Musing upon Death.

I cannot imagine watching them take His body off of the cross, insensitive to death, calloused hands pulling out the iron nails bloodied by His hands and feet. These were the soldiers who cast lots for His clothes and stabbed Him in the side with a spear. Did they dump his body on the ground? Shrugging when Joseph and Nicodemus came to retrieve what was left of Him, maybe they reasoned it saved them the extra effort of throwing His body in the group grave with the other convicts.

Gathering oil and nard for the burial rituals, purchasing the white linen cloths, what must it have been like to consider anointing the King of Heaven, the Son of Man, and reconnecting His broken body with oils, spices and perfumes, fingers following the marks of the lash, the thorn marks of the false crown, and the bruises made by human hands?

To handle the Messiah’s brokenness, His flesh, His blood, in His inanimateness, wrapping it tenderly in a clean linen cloth and placing it on the cart.

Outside the tomb

Bringing His body there to that hole in the rock, they place the broken shell that housed His Spirit on the pristine burial flat hewn for a rich man. As the sun set on that dark day, with no time to anoint or prepare, in a rush, women watch where He is placed as the stone is rolled in front of the tomb. Was there desperation to DO something for Him, for the body, the last rites? Hemmed in by Law and tradition, they left the garden, surely unsatisfied, unsettled, overwhelmed with grief.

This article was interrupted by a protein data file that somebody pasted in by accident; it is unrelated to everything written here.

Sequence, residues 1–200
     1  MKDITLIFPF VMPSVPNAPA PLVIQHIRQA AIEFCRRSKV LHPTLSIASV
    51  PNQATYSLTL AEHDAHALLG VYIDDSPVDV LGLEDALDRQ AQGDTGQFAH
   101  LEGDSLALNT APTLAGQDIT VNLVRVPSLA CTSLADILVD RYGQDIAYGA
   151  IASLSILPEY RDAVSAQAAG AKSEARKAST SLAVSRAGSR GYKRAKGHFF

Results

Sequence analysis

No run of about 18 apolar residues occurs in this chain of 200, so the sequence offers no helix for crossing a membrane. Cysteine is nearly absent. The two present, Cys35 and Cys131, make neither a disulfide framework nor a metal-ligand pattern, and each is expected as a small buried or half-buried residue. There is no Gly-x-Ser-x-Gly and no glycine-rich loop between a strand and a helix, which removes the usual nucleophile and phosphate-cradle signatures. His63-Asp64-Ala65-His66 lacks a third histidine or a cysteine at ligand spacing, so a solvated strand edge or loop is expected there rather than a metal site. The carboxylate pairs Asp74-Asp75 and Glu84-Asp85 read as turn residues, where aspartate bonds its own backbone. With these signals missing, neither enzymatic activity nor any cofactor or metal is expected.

Waiting all night, all day. At times sobbing. Petitioning God. Asking “Why, Lord?” and “How, God?” Comforting one another in turn, patting hands, stroking heads, yet also terrified of what the future would bring.

The sun barely up the following day and the women are out the door carrying the spices to perform the dirty work of ministry, the thankless, anguishing work. But they are there to serve Him one last time.

Earthquake, moving stone, flashes of lightening, angels speaking things they cannot believe or understand. Afraid, yet filled with joy. She tells the men, They have taken my Lord away, and I don’t know where they have put him. Suddenly He appears in flesh and calls her by name.

To put myself in their time and place, to meditate on His gruesome death and observe the people who served, in spite of it all, through what to them must have seemed an impossible teaching. To walk straight through the details of the miracle that God did that dusty morning in Jerusalem and miss it, to go through the valley of the shadow of death into death itself and not see that Jesus brings life and calls us each by name when we are overcome is a tragedy. It is by peering into the abyss and seeing the great light that we find hope, we find faith and we find God.

Imagine it.

(The featured image is considered the tomb where Jesus was buried in Jerusalem, according to tradition.)